WINCHESTER Area Community Action (WACA) is embarking on a restructuring and cost-cutting programme brought on by a decline of money in the charitable sector and changes in the way the city council distributes funding.

Both chief executive officer Paul Williams and his deputy Elizabeth McKerracher will leave in weeks.

In an additional bid to reduce overheads, WACA, which has a turnover of around £1m, plans to move from its current offices at Winchester City Council to rooms at the Discovery and Brooks centres in July.

None of the other 30 existing staff will leave, and trustee chairman Trevor Lewis has stressed that all aspects of support the organisation currently provides to its membership of over 230 charities and small voluntary causes will continue.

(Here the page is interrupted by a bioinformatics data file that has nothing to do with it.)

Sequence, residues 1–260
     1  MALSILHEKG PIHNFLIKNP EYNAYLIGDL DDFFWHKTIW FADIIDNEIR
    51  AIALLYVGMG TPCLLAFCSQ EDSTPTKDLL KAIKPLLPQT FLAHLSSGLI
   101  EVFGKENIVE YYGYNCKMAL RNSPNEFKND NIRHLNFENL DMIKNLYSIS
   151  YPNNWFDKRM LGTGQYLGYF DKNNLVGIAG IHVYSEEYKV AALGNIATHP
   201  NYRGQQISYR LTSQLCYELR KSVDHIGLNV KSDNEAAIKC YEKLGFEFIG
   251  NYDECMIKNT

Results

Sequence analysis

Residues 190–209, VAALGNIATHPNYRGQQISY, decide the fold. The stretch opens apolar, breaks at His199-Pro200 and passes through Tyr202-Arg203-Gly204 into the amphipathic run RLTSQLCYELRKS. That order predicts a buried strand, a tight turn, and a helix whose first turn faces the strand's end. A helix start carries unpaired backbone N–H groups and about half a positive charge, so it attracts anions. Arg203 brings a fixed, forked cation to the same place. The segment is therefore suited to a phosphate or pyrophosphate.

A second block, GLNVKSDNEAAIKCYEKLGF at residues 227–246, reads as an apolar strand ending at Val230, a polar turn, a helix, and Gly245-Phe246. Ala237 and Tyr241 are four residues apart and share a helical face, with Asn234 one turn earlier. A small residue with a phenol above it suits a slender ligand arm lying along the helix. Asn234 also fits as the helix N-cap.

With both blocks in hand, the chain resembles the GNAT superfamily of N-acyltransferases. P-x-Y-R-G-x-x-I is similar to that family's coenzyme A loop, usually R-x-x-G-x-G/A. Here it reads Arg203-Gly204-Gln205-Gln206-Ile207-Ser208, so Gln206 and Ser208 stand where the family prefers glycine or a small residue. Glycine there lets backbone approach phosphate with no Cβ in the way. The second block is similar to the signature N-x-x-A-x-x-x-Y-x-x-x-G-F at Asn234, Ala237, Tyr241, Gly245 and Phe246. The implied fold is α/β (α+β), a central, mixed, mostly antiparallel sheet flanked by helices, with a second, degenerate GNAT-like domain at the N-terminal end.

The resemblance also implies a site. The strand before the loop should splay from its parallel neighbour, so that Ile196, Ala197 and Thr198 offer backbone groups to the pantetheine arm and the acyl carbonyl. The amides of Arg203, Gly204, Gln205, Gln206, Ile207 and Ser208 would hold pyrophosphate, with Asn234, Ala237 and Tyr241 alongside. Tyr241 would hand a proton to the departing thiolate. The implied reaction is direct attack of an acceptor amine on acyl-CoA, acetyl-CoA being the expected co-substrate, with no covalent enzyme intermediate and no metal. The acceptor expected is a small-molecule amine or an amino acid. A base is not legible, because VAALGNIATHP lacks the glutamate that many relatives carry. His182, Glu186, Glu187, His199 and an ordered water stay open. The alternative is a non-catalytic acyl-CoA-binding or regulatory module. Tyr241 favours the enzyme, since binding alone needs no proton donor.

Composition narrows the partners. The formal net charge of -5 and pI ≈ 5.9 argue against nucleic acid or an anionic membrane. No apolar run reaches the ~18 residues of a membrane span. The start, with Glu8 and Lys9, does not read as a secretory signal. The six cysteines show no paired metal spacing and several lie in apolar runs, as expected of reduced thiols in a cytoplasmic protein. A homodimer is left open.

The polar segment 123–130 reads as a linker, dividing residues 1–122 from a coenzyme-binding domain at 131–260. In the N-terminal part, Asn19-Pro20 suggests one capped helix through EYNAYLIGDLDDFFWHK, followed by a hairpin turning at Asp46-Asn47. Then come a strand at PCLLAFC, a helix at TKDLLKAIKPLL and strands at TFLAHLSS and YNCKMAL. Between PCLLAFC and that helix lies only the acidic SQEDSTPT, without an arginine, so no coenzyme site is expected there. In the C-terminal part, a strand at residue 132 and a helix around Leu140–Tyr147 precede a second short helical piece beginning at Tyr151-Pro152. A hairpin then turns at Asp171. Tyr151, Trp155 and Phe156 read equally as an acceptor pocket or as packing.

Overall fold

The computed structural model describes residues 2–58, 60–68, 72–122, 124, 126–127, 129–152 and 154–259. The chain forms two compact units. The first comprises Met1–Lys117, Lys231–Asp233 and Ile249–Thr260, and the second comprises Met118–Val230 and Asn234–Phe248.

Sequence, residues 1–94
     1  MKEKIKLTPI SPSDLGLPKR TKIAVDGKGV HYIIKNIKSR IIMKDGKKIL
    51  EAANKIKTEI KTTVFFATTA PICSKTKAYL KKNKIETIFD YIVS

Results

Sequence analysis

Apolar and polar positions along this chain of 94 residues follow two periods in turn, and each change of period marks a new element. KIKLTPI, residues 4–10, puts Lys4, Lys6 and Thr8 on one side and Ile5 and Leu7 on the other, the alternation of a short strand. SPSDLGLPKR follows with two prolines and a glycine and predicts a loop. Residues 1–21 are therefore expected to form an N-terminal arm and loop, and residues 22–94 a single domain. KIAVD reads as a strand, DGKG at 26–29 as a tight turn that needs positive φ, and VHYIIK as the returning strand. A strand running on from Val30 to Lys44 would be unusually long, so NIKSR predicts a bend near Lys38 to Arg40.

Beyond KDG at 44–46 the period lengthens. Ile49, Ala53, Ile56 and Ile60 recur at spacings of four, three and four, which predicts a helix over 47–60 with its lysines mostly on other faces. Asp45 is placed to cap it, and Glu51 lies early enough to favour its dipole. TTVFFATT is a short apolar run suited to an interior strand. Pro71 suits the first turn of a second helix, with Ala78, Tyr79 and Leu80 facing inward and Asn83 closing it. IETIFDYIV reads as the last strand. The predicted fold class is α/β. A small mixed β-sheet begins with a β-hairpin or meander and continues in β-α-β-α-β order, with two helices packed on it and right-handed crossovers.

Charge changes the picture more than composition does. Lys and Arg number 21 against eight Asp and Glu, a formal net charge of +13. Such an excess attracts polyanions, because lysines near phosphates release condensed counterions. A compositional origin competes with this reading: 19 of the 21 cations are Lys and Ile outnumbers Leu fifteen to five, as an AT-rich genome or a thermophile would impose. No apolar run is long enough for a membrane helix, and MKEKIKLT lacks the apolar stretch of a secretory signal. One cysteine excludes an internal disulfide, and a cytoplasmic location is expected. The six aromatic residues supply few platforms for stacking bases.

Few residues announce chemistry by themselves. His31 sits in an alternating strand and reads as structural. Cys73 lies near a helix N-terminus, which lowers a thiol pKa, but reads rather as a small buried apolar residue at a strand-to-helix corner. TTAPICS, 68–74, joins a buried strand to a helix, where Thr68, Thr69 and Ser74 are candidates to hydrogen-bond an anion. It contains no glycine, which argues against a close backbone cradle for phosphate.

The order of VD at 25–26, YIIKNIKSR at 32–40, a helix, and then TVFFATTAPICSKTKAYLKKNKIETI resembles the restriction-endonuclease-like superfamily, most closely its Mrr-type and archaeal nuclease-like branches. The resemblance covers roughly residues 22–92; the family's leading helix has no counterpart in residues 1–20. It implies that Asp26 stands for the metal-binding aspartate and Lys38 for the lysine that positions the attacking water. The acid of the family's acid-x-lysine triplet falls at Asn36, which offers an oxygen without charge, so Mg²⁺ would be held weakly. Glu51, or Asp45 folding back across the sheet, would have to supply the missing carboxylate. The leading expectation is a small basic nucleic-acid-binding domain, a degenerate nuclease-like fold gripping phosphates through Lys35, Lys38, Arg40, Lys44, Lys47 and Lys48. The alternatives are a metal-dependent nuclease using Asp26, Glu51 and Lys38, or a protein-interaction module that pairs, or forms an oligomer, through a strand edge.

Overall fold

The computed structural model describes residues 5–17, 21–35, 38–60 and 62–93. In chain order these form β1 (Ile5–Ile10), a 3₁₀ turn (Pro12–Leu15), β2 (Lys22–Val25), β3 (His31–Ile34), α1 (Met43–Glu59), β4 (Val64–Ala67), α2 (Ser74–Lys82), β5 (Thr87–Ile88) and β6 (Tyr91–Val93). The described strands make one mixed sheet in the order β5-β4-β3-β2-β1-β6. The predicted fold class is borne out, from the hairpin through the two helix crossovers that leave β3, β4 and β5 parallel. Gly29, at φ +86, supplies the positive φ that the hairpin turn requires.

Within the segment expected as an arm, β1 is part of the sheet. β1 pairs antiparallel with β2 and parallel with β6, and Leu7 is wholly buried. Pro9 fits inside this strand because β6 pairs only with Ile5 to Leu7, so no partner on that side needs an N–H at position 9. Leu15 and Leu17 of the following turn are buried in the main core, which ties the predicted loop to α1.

Winchester City Council has decided to put its charity volunteer work for the next financial year – usually given to WACA – out to tender for the first time.

Mr Lewis said that, because of the restructuring, they were not in a position to bid for this, but fully intended to for 2015/16.

Mr Lewis was keen to assure the public that the Dial-a-Ride, Community Transport, Shopmobility, Rape and Sexual Abuse Counselling and Hampshire Independent Sexual Violence Advice services will all continue as usual.

A key WACA role providing its members with advice, training and help gaining funding, volunteers and trustees will also carry on as usual.

Winchester City Council was approached but declined to comment.